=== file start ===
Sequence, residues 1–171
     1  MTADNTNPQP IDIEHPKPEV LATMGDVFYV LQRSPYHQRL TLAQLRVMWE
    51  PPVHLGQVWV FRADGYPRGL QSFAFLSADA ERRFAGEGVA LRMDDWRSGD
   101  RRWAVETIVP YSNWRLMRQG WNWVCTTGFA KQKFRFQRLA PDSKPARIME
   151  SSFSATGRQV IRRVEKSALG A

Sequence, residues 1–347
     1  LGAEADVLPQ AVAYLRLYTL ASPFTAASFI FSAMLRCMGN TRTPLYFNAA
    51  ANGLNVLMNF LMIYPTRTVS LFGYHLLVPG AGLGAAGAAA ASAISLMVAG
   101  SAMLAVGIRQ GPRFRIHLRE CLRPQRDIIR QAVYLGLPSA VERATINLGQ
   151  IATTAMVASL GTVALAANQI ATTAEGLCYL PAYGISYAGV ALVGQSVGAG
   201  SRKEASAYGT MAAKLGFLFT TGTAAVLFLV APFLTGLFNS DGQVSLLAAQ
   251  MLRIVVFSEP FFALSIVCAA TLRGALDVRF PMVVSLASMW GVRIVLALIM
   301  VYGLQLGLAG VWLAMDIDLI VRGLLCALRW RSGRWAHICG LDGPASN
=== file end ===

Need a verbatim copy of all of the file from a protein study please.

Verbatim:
Sequence, residues 1–171
     1  MTADNTNPQP IDIEHPKPEV LATMGDVFYV LQRSPYHQRL TLAQLRVMWE
    51  PPVHLGQVWV FRADGYPRGL QSFAFLSADA ERRFAGEGVA LRMDDWRSGD
   101  RRWAVETIVP YSNWRLMRQG WNWVCTTGFA KQKFRFQRLA PDSKPARIME
   151  SSFSATGRQV IRRVEKSALG A

Sequence, residues 1–347
     1  LGAEADVLPQ AVAYLRLYTL ASPFTAASFI FSAMLRCMGN TRTPLYFNAA
    51  ANGLNVLMNF LMIYPTRTVS LFGYHLLVPG AGLGAAGAAA ASAISLMVAG
   101  SAMLAVGIRQ GPRFRIHLRE CLRPQRDIIR QAVYLGLPSA VERATINLGQ
   151  IATTAMVASL GTVALAANQI ATTAEGLCYL PAYGISYAGV ALVGQSVGAG
   201  SRKEASAYGT MAAKLGFLFT TGTAAVLFLV APFLTGLFNS DGQVSLLAAQ
   251  MLRIVVFSEP FFALSIVCAA TLRGALDVRF PMVVSLASMW GVRIVLALIM
   301  VYGLQLGLAG VWLAMDIDLI VRGLLCALRW RSGRWAHICG LDGPASN